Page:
Dr. Farina writes about 19th-century English fiction by writers like Dickens and Thackeray and the history of science.
I study nineteenth-century British fiction, Victorian culture, and the history of science. My present project, which I'll be working on as an Associate Fellow at the Center for Cultural Analysis at Rutgers University, is a book that analyzes the everyday assumptions about reality that are inscribed in colloquialisms and paradigmatic stylistic tics, like "as if," "that sort of thing," "in particular" and "in general." Analyzing novels by Jane Austen, Charles Dickens, George Eliot, W. M. Thackeray, and Anthony Trollope, in conjunction with Victorian scientific prose and nineteenth-century cultural criticism, I describe the grammatical forms that underwrite what counted as knowledge for Victorian writers. So many of the fundamental forms of characterizing fictional characters -- fictional people -- turn out also to be the forms of characterizing inanimate, abstract things, like physical laws, the economy, and the function of art.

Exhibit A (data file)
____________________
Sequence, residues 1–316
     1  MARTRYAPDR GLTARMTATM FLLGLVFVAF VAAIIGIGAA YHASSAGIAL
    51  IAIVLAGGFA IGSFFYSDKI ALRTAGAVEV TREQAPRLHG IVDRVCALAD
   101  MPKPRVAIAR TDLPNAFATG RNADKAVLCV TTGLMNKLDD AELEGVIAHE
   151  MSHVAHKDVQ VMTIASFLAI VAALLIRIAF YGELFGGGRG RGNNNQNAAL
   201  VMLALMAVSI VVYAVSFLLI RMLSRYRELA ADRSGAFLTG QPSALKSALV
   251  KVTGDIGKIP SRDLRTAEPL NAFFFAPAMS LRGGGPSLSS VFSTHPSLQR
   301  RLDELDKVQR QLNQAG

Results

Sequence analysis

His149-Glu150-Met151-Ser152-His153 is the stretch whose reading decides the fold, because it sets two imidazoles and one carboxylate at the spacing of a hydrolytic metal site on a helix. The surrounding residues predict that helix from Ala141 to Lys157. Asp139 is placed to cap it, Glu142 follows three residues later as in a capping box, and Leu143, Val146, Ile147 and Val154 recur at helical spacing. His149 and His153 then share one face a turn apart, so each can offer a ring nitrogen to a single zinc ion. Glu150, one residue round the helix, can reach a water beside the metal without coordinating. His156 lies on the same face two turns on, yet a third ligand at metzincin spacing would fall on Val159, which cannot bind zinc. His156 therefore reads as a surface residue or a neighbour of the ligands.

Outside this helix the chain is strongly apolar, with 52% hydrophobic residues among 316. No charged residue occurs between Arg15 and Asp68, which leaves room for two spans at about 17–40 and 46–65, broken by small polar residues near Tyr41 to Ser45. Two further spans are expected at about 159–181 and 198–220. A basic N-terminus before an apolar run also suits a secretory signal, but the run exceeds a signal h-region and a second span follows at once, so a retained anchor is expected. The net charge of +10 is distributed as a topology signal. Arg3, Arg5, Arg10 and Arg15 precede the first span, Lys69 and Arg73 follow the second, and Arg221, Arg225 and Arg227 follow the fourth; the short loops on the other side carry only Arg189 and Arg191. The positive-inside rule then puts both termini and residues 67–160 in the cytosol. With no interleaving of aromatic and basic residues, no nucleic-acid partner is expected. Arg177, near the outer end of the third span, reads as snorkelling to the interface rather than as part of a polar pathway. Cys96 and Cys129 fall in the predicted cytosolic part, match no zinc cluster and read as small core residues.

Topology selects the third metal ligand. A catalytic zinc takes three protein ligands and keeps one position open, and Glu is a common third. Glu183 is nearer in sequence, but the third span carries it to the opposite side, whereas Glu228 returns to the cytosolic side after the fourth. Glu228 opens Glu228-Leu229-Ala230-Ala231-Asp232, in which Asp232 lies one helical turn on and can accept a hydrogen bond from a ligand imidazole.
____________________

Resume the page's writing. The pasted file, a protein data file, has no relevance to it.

I am also interested in Romantic literature and culture, British periodicals like Household Words and Cornhill Magazine, the histories of "character" and "culture," sympathy and abstraction, and Victorian aesthetics.
- Ph.D., New York University
- M.A., New York University
- B.S., Boston College
- Associate Fellow, 2010-11, Seminar "The Ordinary and the Everyday," Center for Cultural Analysis, Rutgers University
- I have delivered papers at annual conferences of the North American Victorian Studies Association (NAVSA), the Northeast Victorian Studies Association (NVSA), the Modern Language Association (MLA), the North American Society for the Study of Romanticism NASSR), the International Conference on Romanticism (ICR), the Dickens Symposium, the International Nineteenth-Century Studies (INCS), and elsewhere, including the CUNY Graduate Center Victorian Seminar and the Robert Penn Warren Center for Humanities at Vanderbilt University.